AICPA to Treasury and IRS: Adopt Recommended Modifications And Delay Effective Date of Section 385 Proposed Regulations And Delay Effective Date of Section 385 Proposed Regulations

July 7, 2016

Washington, D.C. (July 7, 2016) – The American Institute of CPAs (AICPA) today recommended to the U.S. Department of the Treasury and the Internal Revenue Service (IRS) a delay in the effective date of Internal Revenue Code section 385 proposed regulations (REG-108060-15) related to the treatment of certain interests in corporations as stock or debt for federal tax purposes, as well as urged that numerous exceptions to the proposed regulations be provided as part of its many technical comments and recommendations.
Currently, there are no regulations in effect under section 385, which was authorized by Congress in 1969, to determine whether an interest in a corporation is to be treated as stock or indebtedness under the Internal Revenue Code.  Instead, the case law that has been used since the enactment of section 385 to characterize an interest in a corporation as debt or equity has continued to evolve.
Describing the effect of the proposed regulations as “pervasive and novel,” AICPA Tax Executive Committee Chairman Troy K. Lewis wrote in the AICPA’s comment letter that the effective date of the regulations should be deferred until after the proposed regulations are finalized in order to allow companies adequate time to modify their internal controls to comply with the new rules.  Specifically, he wrote, the effective date provision could provide that the provisions apply to any expanded group instrument issued in taxable years beginning one year after the first day of the first taxable year following adoption of the regulations as final.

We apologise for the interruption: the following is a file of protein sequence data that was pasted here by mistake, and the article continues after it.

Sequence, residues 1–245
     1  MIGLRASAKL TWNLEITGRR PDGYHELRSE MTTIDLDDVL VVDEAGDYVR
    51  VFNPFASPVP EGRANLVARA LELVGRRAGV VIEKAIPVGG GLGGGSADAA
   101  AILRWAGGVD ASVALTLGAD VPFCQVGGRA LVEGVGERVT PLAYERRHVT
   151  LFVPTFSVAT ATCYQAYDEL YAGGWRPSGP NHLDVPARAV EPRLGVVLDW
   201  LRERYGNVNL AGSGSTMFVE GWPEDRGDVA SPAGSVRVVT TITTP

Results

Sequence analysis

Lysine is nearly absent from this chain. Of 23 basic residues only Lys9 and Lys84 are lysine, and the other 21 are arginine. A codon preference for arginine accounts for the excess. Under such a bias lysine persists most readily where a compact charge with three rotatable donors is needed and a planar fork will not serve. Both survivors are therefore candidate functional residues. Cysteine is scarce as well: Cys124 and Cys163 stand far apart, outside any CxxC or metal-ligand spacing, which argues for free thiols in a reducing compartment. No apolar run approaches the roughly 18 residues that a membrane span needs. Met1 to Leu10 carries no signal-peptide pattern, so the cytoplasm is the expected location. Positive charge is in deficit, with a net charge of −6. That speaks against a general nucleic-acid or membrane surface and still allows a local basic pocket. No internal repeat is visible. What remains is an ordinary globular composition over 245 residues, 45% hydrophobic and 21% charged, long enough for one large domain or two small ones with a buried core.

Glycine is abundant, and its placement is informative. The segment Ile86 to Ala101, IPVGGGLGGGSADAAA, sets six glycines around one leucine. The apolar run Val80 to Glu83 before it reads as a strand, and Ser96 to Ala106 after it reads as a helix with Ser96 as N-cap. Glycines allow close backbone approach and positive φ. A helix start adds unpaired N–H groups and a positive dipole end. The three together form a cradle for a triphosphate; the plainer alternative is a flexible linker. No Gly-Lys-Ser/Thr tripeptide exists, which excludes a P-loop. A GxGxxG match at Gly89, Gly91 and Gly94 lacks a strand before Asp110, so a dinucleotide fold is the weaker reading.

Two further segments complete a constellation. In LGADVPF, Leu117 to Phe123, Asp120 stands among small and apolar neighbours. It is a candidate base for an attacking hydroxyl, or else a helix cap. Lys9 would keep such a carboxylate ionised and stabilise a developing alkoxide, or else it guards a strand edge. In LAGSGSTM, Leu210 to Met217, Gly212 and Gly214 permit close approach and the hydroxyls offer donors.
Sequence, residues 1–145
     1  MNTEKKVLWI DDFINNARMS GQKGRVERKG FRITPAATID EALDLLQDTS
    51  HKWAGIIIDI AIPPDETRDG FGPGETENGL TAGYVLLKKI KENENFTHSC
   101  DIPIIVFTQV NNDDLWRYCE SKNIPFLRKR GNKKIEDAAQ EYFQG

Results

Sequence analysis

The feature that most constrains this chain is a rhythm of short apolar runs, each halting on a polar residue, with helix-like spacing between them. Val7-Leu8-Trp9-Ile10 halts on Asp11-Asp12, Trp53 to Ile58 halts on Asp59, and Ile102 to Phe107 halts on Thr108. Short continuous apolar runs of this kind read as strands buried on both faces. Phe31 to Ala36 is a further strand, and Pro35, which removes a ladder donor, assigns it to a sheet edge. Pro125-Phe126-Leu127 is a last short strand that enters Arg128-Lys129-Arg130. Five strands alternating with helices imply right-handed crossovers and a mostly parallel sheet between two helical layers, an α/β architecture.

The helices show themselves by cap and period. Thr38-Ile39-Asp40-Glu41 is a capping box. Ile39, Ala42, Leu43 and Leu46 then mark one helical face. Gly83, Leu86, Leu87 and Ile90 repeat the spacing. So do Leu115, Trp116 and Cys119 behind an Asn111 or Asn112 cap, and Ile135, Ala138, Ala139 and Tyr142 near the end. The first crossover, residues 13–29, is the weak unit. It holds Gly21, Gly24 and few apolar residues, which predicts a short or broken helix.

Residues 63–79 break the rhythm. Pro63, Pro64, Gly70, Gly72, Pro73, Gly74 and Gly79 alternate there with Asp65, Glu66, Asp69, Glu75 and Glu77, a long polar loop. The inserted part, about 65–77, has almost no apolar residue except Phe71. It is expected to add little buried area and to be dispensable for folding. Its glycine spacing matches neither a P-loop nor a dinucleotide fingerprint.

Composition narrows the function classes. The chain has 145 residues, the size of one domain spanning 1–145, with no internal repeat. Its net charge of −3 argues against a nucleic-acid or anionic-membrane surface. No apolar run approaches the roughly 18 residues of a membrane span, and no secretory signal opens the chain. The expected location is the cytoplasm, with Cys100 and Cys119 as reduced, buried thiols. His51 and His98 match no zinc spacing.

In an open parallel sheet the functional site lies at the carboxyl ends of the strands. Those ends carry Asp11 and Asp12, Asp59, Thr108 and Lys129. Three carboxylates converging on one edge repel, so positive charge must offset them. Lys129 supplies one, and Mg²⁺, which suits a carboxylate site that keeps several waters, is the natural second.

Lewis stressed that there are many concerns among taxpayers and tax practitioners about the proposed regulations because, if they are finalized in substantially the same format, they “would have a significant and disruptive impact on normal and critical operations of a large number of United States business entities.”  Furthermore, he wrote, “The proposed regulations would also dramatically impact U.S. corporate tax planning and compliance.”
The AICPA’s proposed exceptions and technical comments and recommendations covered a variety of areas, including cash management practices, partnerships and S corporations.